About your Search

20121112
20121120
Search Results 0 to 2 of about 3
countries have transformed, reform, lower the rates. we haven't touched it since ronald reagan in 1986. bill clinton did raise it at one point but we haven't done anything to touch the rate and reform -- tecum from 16.5% to 15% which most of you are aware of because you do business there, and this capital investment is going to follow countries that have a more competitive environment in taxes is one of them's a we have to reform the tax code and when you do that you will get more revenue. it's guaranteed. again, as i was talking at earlier there are opportunities here for us as a country and if you look at the congressional budget analysts this and go to the tax committee analysis what tax reform could mean in the economic growth and all of them will lead to more growth with this corporate tax reform. estimate of the president says what he did last friday, this was fought over in the campaign and we fought over rising tax rates. jay carney said they would veto any bill that extends the current tax rate so if he insists that tax rates go out for those making over to under $50,000 will would
the rates. think about it. we haven't touched it since ronald reagan really. in 1986. bill clinton did raise the rate one point but we haven't done anything to touch our rate and reform our code. every other country, all of them have. taxes gone from 16% to 15%. you do business there. this flow of capital will follow countries that have more competitive environment and taxes are one of them. yes, we have to reform the tax code. when you do that, i will get more revenue. it is guaranteed. again, sort of as i was talking about earlier. this is opportunities here. this is opportunity for us as a country. if you look at the congressional budget analysis and joint tax committee analysis, what tax reform could mean in terms of macroeconomic impact and growth, all will lead to more growth, whether corporate tax reform or individual tax reform. >> right but if the president insists as he did last friday, this was fought over in the campaign and, fought over tax rates, rising tax rates, he didn't ice the words rates himself but jay carney, the white house press secretary said the president will veto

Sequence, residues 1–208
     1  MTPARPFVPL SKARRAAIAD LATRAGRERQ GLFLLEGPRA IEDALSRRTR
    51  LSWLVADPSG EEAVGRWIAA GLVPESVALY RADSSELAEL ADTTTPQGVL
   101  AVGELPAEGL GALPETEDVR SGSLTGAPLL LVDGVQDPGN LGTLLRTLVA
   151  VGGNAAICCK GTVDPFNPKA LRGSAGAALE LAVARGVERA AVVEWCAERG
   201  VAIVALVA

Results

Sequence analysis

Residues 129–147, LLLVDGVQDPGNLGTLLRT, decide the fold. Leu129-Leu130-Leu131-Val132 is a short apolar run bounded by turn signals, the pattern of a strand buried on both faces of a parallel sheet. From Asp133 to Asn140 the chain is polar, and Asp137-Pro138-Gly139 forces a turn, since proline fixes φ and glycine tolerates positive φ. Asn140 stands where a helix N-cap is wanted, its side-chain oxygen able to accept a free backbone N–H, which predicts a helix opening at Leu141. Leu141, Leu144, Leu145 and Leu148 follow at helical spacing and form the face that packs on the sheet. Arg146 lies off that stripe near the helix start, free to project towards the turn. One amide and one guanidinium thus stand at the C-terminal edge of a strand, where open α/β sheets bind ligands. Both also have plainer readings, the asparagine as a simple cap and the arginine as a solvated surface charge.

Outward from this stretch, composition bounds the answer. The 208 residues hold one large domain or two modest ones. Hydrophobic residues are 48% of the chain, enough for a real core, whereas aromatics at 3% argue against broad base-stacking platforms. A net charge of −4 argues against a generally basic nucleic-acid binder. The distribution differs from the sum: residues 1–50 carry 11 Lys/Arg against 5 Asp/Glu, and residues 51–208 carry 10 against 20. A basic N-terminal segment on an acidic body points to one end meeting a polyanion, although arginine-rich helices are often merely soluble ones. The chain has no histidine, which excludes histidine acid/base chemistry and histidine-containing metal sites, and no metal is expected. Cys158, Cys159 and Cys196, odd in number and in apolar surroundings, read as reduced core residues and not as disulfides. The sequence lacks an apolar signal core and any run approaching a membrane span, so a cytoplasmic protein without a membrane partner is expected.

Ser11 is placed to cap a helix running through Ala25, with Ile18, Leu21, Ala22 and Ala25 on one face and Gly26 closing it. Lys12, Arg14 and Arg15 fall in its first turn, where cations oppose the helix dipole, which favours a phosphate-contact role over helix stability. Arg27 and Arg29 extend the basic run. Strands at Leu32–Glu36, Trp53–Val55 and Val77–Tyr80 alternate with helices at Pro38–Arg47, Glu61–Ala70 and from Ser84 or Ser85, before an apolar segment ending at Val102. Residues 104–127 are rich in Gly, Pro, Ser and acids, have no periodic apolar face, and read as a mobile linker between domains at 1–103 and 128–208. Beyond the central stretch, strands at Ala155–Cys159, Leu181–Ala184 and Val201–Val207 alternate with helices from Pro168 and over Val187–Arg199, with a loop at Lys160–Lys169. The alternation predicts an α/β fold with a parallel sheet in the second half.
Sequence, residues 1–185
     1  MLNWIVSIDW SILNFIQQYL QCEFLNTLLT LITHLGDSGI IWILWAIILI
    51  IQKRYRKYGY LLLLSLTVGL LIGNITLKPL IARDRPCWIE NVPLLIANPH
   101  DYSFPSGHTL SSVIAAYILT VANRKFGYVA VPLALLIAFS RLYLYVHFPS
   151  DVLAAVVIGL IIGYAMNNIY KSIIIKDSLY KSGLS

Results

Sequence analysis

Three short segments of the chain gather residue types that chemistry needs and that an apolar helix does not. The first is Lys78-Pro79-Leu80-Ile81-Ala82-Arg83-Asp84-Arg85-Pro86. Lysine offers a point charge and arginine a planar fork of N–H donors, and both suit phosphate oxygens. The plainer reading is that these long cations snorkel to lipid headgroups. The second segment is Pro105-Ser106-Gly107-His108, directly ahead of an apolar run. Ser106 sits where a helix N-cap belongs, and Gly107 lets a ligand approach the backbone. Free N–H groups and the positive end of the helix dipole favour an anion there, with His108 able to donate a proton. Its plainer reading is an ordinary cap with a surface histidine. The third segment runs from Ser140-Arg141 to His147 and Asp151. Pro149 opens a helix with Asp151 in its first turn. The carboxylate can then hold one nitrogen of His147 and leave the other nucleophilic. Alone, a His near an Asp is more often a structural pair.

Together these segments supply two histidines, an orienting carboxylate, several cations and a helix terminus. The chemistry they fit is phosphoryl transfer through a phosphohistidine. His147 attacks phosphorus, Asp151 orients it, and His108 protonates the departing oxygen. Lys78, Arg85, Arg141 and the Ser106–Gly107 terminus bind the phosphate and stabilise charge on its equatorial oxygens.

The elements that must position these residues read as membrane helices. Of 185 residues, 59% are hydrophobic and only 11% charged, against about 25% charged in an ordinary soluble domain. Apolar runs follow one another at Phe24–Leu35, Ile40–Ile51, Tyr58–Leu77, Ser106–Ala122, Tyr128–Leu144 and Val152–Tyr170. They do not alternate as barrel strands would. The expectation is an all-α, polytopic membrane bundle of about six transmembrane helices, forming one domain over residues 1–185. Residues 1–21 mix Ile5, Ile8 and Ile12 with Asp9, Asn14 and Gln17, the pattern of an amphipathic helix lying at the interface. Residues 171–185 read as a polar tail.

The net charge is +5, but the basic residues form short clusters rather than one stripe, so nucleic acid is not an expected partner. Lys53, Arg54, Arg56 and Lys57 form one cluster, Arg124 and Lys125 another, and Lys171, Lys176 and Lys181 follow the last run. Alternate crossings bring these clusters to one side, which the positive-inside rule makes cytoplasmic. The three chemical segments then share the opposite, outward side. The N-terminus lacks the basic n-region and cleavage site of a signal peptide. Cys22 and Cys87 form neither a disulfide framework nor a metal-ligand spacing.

of course was a economic adviser to president ronald reagan, and then has commented on these issues and read about these issues and donald is the director of the urban brookings tax policy center and former acting director of the congressional budget office as well. so we have three experts to talk about these issues and walk us through this minefield of tax policy and see where there might be common ground where the conversations of the white house could be ending up. peter, let me start with you. and the basic question about whether or not tax revenue has to be a part of this part of the conversation to begin with and whether the two sides were there is more common ground than they think. >> first obviously i think the tax revenue has to be part of the solution here both because the underlying budget but also because the election that was just held and the desire and the administration to maintain that additional revenue that they ran on and they won. on the substance though the point that i would make this would ever comes out of this fiscal cliff frankly i am now going to step out of the
Search Results 0 to 2 of about 3

Terms of Use (10 Mar 2001)